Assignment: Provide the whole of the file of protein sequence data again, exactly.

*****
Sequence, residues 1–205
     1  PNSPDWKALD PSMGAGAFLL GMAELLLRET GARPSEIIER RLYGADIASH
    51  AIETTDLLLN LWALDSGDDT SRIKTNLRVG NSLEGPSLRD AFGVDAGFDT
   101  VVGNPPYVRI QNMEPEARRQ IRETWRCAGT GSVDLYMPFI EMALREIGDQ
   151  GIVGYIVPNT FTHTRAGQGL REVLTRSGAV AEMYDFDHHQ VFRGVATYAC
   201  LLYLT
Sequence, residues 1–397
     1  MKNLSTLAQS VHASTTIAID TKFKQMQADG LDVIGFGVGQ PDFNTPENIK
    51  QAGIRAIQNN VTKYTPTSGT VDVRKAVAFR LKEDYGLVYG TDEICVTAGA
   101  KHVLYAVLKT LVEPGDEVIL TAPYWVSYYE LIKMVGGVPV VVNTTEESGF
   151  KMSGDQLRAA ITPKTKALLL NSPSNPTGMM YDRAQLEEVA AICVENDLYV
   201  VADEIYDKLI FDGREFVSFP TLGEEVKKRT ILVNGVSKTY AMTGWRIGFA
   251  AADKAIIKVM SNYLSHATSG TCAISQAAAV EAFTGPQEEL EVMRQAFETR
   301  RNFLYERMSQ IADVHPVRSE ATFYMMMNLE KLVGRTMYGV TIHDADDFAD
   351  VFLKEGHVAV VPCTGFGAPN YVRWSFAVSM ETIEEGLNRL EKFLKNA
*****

Sequence, residues 1–205
     1  PNSPDWKALD PSMGAGAFLL GMAELLLRET GARPSEIIER RLYGADIASH
    51  AIETTDLLLN LWALDSGDDT SRIKTNLRVG NSLEGPSLRD AFGVDAGFDT
   101  VVGNPPYVRI QNMEPEARRQ IRETWRCAGT GSVDLYMPFI EMALREIGDQ
   151  GIVGYIVPNT FTHTRAGQGL REVLTRSGAV AEMYDFDHHQ VFRGVATYAC
   201  LLYLT
Sequence, residues 1–397
     1  MKNLSTLAQS VHASTTIAID TKFKQMQADG LDVIGFGVGQ PDFNTPENIK
    51  QAGIRAIQNN VTKYTPTSGT VDVRKAVAFR LKEDYGLVYG TDEICVTAGA
   101  KHVLYAVLKT LVEPGDEVIL TAPYWVSYYE LIKMVGGVPV VVNTTEESGF
   151  KMSGDQLRAA ITPKTKALLL NSPSNPTGMM YDRAQLEEVA AICVENDLYV
   201  VADEIYDKLI FDGREFVSFP TLGEEVKKRT ILVNGVSKTY AMTGWRIGFA
   251  AADKAIIKVM SNYLSHATSG TCAISQAAAV EAFTGPQEEL EVMRQAFETR
   301  RNFLYERMSQ IADVHPVRSE ATFYMMMNLE KLVGRTMYGV TIHDADDFAD
   351  VFLKEGHVAV VPCTGFGAPN YVRWSFAVSM ETIEEGLNRL EKFLKNA